November 8, 2008

How do you afford to eat this way?

I get asked this question a lot. I have become more and more disenchanted with traditional grocery stores. So much of the food that they offer I don't want in my home, let alone my body. I have really started to look for alternative ways to buy food. I thought I would share a little of what I have found. I am sure some of you have some great tips as well, and I hope you will share them in the comments.

A garden is the best way to get fresh fruits and vegetables economically. Plus it allows you to know exactly how they were produced and the level of chemicals used. I recently discovered a great book called Four Seasons Harvest. The author, Eliot Coleman, lives in main so I know his tips should work in my cold climate. I hope to get someone to help me build some of the cold frames.... However, in all honesty I am not a very good Gardner. I am working on it and get a little better every year. This year I actually got at least one of everything that I planted (with the exception of Butternut squash, I just couldn't save them from the silly snails).

What is the alternative for those of us that aren't great gardners? A CSA (Community Supported Agriculture), which provides a mutually beneficial arrangement between farmers and consumers. People join by purchasing a "share" of produce pre-season, then pick up their weekly produce from a central drop point in their area during the harvest season.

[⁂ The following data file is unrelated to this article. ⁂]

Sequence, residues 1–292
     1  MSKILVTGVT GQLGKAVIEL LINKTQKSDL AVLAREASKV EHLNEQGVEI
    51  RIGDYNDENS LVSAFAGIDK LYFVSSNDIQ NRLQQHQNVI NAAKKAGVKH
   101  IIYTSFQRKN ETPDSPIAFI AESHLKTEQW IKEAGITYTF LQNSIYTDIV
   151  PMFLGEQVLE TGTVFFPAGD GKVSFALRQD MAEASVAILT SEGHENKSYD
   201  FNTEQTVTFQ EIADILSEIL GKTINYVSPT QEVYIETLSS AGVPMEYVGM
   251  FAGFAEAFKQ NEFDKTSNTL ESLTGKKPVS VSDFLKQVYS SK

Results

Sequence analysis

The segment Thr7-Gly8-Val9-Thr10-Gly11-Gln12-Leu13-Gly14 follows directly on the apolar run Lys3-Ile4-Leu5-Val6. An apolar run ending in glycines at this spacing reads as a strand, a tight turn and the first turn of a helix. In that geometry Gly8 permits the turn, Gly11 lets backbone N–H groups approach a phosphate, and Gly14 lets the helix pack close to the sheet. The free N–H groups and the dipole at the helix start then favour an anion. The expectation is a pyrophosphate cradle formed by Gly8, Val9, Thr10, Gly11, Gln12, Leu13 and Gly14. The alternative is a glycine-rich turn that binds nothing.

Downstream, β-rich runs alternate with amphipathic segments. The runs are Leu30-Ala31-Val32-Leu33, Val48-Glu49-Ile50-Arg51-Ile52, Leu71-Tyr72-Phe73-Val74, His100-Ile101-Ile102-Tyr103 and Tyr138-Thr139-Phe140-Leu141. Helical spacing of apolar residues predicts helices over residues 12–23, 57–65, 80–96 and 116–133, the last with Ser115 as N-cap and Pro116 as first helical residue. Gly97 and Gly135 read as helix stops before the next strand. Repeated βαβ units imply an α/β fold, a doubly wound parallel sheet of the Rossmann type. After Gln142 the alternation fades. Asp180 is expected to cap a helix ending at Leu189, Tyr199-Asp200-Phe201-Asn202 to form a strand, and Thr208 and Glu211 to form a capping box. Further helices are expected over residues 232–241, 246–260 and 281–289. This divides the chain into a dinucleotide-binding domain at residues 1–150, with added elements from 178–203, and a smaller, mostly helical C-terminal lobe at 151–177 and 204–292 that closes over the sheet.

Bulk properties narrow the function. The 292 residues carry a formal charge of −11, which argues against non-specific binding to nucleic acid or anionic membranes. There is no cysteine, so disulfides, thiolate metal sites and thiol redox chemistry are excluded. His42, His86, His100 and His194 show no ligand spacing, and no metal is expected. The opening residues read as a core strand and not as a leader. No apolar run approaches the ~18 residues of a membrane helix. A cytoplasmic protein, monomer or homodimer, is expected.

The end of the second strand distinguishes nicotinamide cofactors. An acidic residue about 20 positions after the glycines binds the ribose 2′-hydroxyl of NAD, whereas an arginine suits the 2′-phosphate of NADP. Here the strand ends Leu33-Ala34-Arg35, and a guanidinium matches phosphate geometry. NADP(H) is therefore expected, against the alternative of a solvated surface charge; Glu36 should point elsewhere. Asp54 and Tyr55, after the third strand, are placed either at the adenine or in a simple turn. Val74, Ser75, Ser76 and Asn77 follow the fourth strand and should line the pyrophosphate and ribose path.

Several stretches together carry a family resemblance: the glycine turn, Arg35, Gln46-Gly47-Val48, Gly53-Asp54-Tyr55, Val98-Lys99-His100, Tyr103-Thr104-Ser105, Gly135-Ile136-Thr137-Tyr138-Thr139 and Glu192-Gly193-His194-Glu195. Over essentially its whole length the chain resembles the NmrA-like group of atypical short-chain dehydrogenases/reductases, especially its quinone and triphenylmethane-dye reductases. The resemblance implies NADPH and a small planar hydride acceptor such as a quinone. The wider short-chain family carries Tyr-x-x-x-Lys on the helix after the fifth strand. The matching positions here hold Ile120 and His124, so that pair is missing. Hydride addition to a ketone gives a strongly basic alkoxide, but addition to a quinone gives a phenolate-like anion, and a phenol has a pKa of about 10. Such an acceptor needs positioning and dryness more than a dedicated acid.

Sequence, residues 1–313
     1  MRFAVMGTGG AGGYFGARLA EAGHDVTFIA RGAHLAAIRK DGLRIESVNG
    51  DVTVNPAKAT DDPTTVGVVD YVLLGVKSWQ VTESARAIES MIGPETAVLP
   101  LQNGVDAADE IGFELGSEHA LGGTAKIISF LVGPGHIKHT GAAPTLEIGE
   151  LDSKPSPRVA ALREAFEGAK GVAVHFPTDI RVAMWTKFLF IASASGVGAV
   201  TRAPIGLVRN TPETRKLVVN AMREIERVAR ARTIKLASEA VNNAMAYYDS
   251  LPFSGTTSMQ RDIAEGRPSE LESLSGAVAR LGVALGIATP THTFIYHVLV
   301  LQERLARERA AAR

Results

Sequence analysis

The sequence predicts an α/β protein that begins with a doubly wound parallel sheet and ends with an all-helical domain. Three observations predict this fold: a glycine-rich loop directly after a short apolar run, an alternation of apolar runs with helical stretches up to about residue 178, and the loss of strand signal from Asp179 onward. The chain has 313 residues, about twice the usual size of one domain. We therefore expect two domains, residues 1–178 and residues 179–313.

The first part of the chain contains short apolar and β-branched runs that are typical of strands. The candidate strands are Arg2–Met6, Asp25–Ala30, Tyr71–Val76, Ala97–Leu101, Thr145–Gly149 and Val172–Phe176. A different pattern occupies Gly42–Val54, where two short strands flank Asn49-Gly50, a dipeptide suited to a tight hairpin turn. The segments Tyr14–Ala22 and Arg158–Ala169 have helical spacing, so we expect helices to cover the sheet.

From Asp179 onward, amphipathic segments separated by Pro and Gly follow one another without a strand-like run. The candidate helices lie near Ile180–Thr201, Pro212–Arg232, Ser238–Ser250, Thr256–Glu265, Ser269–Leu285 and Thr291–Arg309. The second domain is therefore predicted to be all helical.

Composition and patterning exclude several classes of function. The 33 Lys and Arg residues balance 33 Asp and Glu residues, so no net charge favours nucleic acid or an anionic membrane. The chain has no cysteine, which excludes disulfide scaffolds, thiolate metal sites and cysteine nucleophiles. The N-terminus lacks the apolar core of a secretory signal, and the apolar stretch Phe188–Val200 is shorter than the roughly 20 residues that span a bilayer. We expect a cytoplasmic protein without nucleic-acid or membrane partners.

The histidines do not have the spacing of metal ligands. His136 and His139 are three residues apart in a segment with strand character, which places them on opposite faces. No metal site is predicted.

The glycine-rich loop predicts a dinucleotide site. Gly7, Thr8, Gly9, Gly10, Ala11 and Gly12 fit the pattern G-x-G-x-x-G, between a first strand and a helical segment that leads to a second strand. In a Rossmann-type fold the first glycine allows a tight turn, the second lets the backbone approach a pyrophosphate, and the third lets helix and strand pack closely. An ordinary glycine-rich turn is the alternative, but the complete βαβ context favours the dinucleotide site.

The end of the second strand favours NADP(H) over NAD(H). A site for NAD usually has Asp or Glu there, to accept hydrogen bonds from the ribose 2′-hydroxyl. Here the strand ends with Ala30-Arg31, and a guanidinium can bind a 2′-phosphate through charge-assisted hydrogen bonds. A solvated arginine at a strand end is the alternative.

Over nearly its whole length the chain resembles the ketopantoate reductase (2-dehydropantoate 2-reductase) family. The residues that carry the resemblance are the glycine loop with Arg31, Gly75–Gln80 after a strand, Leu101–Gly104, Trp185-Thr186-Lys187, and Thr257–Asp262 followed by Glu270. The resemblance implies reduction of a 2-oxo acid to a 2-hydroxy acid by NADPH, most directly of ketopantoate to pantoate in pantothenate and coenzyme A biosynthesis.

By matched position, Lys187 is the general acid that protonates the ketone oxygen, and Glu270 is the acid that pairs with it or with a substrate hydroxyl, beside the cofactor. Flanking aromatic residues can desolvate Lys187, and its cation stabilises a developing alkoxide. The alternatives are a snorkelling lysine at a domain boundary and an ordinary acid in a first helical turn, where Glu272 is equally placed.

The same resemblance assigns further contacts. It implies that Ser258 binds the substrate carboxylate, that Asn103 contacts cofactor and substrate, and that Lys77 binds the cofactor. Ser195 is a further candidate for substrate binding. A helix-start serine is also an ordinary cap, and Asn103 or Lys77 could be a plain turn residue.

CSA Benefits for the farmer? When signing up, you dedicate yourself to being a customer for the season, providing the farmer a secure market. CSAs enable farms to share the risk and abundance of producing food with the consumer, resulting in a more direct and rewarding link between farmer and community. (Payment in the Spring also provides cash to the farmer when it is needed most. )
CSA Benefits for the shareholder? No more guessing where your food comes from! Members receive a weekly supply of diverse produce with "the farmer’s face on it." You can talk with the farmer, and many offer opportunities to visit the farms. Your produce is harvested and delivered directly to you, generally via a drop–off point, ensuring the freshest produce with a high nutritional value. You also get the satisfaction of knowing you are supporting a local farm. I found the ones in my area by going to then clicking on my state and following the links. I found out about these too late to be able to join last year, but I am already working on which I will join for next year. The cost was a little daunting to me to start with, so I broke it down and started setting aside some money so this year I will have enough saved to be able to pay for my share up front. Then I can save what I would have spent on produce to be able to pay for next years share. Where I am, the CSA's generally go from June-October, some areas may be longer or shorter depending on the growing season.

Farmers Markets are another great alternative. I followed the same links to find out about the farmers markets in my area. However, the early bird gets the worm at most Farmers Markets. I am not an early bird so I didn't fare very well. Hopefully I will improve at that as well.

Food Co-ops are another great way to get your food. I have friends that have found amazing food co-ops in their areas, Here we only have one and it isn't as nice as the others I have heard about, but still better than nothings. Food co-ops work like this, a group of people get together to order in bulk and share the work and the benefits of bulk buying. You can find local co-ops through the same link above.